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Live Reviews

2008 Melbourne International Jazz Festival

By Published: July 5, 2008
Browne's ensemble, playing music from their recent CD release The Drunken Boat, performed with little to no pause between movements like a '50s jazz score, though this mismatch of artist to venue would have been much more successful in a jazz club environ. Audience members respectively but unnecessarily sat on their hands silently for the set's duration as if they were attending a classical concert that was to have no applause between the jazz suite's movements.

Choulai's group, in addition to Hughes and Ball, featured tenor saxophonist Carlo Barbaro, bassist Sam Anning (voted "Young Australian Jazz Artist of the Year") and drummer Rory McDougall. Save for a thrilling piano trio rendition of a Louis Armstrong's obscurity ("That's My Home"), the set was comprised of mostly intricate originals all of which maintained a morphing energy of forward momentum. From Lester Bowie to Curtis Mayfield, influences and directions in the music seemed to point in just about every direction, with band members splintering off into various instrumental configurations, helping to maintain an element of continuous organic development within the music.

Choulai also inaugurated the daily "Jazz for Kids" noontime programs at The Edge, a series which served as entertaining, educational and surprising highpoints of the festival, particularly for the predominantly 3- to 13-year-olds in regular attendance. Though Choulai's duo with saxophonist Barbaro didn't make much effort in engaging the same way as did the program's following days' performers, he provided a model in not only being successful but quite a young and respected local player these kids could in a sense look up to and even relate to. Towards the end of his set, Choulai noticed New York-based pianist Jon Weber in the audience, and subsequently invited him up for the last number, offering up his piano stool. Weber happily obliged, immediately engaging the kids, asking "A fast or slow one?" As Choulai's set was very introspective, particularly given the age of the audience, predictably and unanimously they yelled—"FAST!" And in a preview to the second day of the "Jazz for Kids," Weber performed a rollicking version of "Choo Choo Ch'Boogie" in a first time off the cuff collaboration with Barbaro, much to the delight of the kids in attendance.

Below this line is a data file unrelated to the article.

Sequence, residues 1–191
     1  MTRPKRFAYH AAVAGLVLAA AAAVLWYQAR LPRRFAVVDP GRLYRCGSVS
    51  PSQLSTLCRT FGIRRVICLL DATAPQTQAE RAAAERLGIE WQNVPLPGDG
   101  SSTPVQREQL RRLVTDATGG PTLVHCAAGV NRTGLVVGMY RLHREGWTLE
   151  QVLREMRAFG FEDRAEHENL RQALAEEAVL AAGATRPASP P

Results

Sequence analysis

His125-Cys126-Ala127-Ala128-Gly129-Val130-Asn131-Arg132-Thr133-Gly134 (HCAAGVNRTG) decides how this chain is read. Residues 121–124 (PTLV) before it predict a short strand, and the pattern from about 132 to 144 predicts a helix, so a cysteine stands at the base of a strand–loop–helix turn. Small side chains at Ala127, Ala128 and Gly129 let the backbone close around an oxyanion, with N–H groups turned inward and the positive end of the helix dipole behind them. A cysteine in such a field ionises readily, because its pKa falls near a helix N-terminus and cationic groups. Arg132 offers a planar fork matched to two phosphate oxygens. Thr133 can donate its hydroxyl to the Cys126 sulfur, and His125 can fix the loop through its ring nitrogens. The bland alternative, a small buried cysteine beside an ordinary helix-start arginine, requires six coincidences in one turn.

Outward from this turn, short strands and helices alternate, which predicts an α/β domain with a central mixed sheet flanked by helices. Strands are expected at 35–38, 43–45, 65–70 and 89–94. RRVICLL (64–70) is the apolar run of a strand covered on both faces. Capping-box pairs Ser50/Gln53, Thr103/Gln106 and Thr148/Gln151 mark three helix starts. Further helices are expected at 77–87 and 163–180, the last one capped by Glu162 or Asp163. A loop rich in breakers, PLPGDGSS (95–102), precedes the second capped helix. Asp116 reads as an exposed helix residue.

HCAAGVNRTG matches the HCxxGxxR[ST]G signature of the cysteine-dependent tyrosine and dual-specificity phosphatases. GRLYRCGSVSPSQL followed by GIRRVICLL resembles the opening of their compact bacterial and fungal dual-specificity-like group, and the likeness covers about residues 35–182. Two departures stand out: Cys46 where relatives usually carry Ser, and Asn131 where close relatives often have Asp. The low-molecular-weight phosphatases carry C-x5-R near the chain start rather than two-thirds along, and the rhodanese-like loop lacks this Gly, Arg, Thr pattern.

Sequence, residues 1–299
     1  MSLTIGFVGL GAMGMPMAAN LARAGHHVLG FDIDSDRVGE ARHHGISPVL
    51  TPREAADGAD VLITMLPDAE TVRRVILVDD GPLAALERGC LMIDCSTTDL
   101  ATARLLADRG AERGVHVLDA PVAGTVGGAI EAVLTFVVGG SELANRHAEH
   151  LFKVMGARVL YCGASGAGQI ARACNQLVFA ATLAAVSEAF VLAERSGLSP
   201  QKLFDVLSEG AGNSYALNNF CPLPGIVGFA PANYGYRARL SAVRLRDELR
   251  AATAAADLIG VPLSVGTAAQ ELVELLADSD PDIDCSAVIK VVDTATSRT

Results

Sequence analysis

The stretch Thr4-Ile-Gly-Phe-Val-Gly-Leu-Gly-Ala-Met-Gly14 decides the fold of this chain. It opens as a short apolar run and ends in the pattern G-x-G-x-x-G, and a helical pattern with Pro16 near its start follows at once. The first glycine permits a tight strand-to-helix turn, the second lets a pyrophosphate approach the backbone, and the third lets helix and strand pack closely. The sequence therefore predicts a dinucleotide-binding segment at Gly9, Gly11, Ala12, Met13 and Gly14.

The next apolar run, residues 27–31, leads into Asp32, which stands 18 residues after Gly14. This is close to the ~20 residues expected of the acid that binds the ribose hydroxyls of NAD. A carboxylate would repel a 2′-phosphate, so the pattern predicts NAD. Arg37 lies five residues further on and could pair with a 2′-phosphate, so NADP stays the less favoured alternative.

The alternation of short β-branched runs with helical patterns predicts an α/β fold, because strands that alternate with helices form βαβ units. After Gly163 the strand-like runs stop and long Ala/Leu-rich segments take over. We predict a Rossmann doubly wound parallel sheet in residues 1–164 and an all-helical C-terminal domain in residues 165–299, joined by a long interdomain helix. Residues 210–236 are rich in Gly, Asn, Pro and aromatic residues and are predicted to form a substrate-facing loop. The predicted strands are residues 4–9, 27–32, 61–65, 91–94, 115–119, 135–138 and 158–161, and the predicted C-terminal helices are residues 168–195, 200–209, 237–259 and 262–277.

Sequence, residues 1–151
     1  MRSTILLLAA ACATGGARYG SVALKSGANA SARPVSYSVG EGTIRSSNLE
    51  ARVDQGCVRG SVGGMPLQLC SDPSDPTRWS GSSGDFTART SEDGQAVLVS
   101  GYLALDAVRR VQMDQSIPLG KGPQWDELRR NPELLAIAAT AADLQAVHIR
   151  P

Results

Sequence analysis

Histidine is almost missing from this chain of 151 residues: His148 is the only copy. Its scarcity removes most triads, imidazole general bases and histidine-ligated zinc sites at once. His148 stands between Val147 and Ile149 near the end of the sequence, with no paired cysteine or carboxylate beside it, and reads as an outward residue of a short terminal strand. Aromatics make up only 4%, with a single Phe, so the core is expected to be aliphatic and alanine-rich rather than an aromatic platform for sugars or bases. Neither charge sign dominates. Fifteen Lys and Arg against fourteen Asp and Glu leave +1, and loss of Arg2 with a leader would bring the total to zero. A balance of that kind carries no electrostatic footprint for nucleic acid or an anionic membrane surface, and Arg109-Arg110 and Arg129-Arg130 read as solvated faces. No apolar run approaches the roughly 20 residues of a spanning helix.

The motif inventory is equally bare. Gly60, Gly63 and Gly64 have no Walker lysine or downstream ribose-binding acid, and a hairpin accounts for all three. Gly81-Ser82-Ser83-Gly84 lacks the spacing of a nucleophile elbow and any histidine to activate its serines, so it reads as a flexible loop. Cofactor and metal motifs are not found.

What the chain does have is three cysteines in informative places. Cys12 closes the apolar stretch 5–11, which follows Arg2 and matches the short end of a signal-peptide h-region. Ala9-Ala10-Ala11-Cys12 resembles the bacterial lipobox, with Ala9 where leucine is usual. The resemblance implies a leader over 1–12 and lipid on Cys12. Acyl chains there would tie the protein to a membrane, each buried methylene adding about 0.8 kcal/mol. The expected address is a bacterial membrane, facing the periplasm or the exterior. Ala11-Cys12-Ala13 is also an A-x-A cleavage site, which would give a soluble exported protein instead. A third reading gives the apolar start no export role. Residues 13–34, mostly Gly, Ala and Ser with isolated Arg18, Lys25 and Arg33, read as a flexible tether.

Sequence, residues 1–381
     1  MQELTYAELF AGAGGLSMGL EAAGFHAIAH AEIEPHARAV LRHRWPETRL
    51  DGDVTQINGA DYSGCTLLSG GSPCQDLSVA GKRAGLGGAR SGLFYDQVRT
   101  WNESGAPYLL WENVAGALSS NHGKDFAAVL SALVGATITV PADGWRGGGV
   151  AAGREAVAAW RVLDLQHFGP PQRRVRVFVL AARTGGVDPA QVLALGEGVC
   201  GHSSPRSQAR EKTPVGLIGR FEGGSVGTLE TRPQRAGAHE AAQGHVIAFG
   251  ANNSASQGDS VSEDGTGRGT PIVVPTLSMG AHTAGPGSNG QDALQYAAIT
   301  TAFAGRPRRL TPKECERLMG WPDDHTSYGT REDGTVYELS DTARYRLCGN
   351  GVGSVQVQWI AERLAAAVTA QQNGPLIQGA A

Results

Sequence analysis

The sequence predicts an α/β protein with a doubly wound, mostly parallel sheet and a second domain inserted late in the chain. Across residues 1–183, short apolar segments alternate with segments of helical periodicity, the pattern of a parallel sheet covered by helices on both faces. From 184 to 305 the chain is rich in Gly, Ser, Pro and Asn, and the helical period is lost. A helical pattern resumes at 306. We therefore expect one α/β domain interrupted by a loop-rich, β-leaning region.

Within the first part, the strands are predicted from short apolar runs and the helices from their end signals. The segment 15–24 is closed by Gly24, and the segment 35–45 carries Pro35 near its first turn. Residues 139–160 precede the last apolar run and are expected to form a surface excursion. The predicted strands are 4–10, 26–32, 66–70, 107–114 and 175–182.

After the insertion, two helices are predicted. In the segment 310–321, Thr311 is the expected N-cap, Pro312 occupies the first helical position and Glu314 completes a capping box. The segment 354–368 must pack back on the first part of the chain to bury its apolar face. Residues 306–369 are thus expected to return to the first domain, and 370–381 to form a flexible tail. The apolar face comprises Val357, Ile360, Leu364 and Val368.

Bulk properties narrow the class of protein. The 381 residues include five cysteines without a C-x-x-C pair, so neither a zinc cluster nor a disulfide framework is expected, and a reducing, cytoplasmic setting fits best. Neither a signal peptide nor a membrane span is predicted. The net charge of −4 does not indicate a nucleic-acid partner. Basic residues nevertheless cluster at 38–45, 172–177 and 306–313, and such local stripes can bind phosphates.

Weber the following day requested to have 40-odd chairs placed on the high-rise stage, perhaps the most engaging gesture that could be offered by a performer for this series; kids even listened at his feet under the piano! Of the many inspiring moments for the youngsters, Weber jazzed up "Twinkle Twinkle Little Star" and "Somewhere Over the Rainbow" as well as the themes to "Pink Panther" and "The Simpsons," and such rhythmic jazz standard staples as "Take the A Train" and "Stompin' At The Savoy."



Two other "Jazz for Kids" featured, respectively, Aussie veterans pianist Joe Chindamo and cornetist/pianist Bob Sedergreen. Sedergreen—who has played with Dizzy Gillespie, Milt Jackson and Jimmy Witherspoon— opened with an amusing dedication to the historic Mary Lou Williams/Cecil Taylor 1977 collaboration, revealing two ends of the same stick and delicately contrasting Mary Lou's blues and swing-based style with Cecil's anything but.

The young crowd certainly felt the humor but also gained a new level of appreciation for jazz' unpredictability. They were then treated to Sedergreen's band of high school students who not only played quite maturely but also took questions from the audience such as "Is it hard to learn how to play a song?" And "How do you improvise?" The questions, some coming from 5 and 6 year olds were priceless, as were the answers. And Sedergreen and ensemble ran the gamut as far as repertoire as well, from Miles' "Milestones" to his latter-period fun and funky even rock-oriented "Jean Pierre," thus covering a lot of ground in the hour-long presentation. Like with Weber—he probably made some new or at least future jazz converts.



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